Teaching for A Robust Conceptual Understanding of Mathematics (TRU-Math) Project
Grant Manager: Jennifer Novak (DE Department of Education)
Funded in part through a Mathematics Science Partnership Project administered by the Department of Education, the TRU-Math Project supports the professional development priorities and goals established by the Delaware Mathematics Coalition (DMC). The DMC is an alliance of K-12, business, higher education, and Delaware Department of Education mathematics leaders.
TRU-Math Project District Partners include: Appoquinimink, Brandywine, Caesar Rodney, Cape Henlopen, Capital, Christina, Colonial, Delmar, Design-Lab HS, Early College HS, Indian River, Lake Forest, Milford, New Castle County Votech, Odyssey Charter, Red Clay Consolidated, Seaford, Smyrna, & Sussex Tech. Business and higher education partners in the grant include:
- Delaware Foundation for Science and Mathematics Education (DFSME)
- Delaware State University Department of Mathematical Sciences
- Delaware Technical & Community College
- University of Delaware College of Arts & Sciences
- Wilmington University Mathematics Department
ADDRESSING THE IDENTIFIED ORGANIZATIONAL CHALLENGES
The Teaching for A Robust Conceptual Understanding of Mathematics or TRU-Math Project is designed to address the following organizational goals identified by the Delaware Mathematics Coalition:
1) Increase the mathematics leadership capacity of elementary and secondary master and novice teachers, specialists, coaches, K-12 administrators in partnership schools; and
2) Provide a content-focused induction program that supports identified new teachers in teaching for conceptual understanding.
Using a video-based mathematics Leadership Induction Curriculum, facilitators immerse the project teachers in grade level clusters and smaller subgroups to study identified mathematics strands and to analyze strategies that support conceptually-focused mathematics learning. Additional support for new teachers is provided within onsite, and online study teams who use classroom video clips for discussion and analysis. Measurable outcomes for TRU-Math include demonstrating: 1) increases in teachers’ usable content knowledge as measured by pre-post video-based measures; 2) growth in teachers’ ability to engage students in teaching for conceptual understanding as measured by Hiebert & Berk’s video analysis rubric; 3) annual increases in student performance outcomes for claims 1 and 3 of the Smarter Balanced Assessment; 4) annual growth in the percentage of students performing at proficient and above levels on the new SAT exam; and 5) improved statistics on new teacher satisfaction and retention.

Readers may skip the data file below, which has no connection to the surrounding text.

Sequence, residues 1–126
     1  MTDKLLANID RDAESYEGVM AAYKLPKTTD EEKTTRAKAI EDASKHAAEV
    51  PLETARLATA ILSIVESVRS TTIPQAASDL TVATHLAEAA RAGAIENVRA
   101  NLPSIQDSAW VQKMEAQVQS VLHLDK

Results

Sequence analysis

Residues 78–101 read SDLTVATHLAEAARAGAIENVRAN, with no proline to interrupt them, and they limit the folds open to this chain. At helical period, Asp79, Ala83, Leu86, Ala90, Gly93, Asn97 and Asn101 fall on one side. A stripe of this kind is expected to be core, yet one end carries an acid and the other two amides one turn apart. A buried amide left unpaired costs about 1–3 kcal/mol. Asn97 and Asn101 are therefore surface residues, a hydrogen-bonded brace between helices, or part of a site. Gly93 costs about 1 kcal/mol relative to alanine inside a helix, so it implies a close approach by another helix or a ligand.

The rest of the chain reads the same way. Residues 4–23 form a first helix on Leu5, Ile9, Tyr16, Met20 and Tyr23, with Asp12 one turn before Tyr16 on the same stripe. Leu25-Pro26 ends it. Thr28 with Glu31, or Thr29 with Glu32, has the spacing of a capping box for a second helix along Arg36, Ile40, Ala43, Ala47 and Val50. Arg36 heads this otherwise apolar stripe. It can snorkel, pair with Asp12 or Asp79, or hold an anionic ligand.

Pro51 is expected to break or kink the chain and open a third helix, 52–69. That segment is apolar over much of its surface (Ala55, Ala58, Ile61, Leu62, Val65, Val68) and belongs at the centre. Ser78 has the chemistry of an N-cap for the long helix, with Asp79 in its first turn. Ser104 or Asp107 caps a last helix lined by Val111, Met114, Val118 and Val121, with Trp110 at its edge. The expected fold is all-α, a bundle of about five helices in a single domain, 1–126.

TRU-Math Project Leadership Team
Project leaders including university mathematicians and mathematics educators, and internationally, nationally, and locally recognized mathematics experts work within their areas of expertise to: 1) promote a deep understanding of identified mathematics concepts; 2) support master teachers, coaches and their identified study group teams in the use of content-centered video-analysis protocols, and measurement tools (Hiebert & Berk, UD). These video-based analysis tools are grounded in empirical research on teaching for conceptual understanding (Hiebert & Grouws, 2007) and demonstrated strong linkages between teachers’ content-based teaching practices, and increases in student achievement (Kersting 2010, 2012).